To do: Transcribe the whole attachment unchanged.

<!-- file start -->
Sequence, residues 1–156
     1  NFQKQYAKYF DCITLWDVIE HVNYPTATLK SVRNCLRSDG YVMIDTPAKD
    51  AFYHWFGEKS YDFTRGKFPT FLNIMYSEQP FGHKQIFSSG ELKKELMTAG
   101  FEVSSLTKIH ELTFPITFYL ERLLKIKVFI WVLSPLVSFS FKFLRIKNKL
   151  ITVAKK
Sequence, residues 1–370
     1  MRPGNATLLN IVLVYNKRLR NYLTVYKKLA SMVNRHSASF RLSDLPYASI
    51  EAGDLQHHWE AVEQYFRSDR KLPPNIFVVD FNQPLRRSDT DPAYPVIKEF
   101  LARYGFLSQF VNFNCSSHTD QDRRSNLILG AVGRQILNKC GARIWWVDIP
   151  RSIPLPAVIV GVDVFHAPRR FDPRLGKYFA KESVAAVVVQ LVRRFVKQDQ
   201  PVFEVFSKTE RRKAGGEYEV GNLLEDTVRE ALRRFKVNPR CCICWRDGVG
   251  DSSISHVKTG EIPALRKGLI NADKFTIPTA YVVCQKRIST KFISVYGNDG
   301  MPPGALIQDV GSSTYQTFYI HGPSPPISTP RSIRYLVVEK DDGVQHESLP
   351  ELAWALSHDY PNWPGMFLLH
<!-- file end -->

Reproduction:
Sequence, residues 1–156
     1  NFQKQYAKYF DCITLWDVIE HVNYPTATLK SVRNCLRSDG YVMIDTPAKD
    51  AFYHWFGEKS YDFTRGKFPT FLNIMYSEQP FGHKQIFSSG ELKKELMTAG
   101  FEVSSLTKIH ELTFPITFYL ERLLKIKVFI WVLSPLVSFS FKFLRIKNKL
   151  ITVAKK
Sequence, residues 1–370
     1  MRPGNATLLN IVLVYNKRLR NYLTVYKKLA SMVNRHSASF RLSDLPYASI
    51  EAGDLQHHWE AVEQYFRSDR KLPPNIFVVD FNQPLRRSDT DPAYPVIKEF
   101  LARYGFLSQF VNFNCSSHTD QDRRSNLILG AVGRQILNKC GARIWWVDIP
   151  RSIPLPAVIV GVDVFHAPRR FDPRLGKYFA KESVAAVVVQ LVRRFVKQDQ
   201  PVFEVFSKTE RRKAGGEYEV GNLLEDTVRE ALRRFKVNPR CCICWRDGVG
   251  DSSISHVKTG EIPALRKGLI NADKFTIPTA YVVCQKRIST KFISVYGNDG
   301  MPPGALIQDV GSSTYQTFYI HGPSPPISTP RSIRYLVVEK DDGVQHESLP
   351  ELAWALSHDY PNWPGMFLLH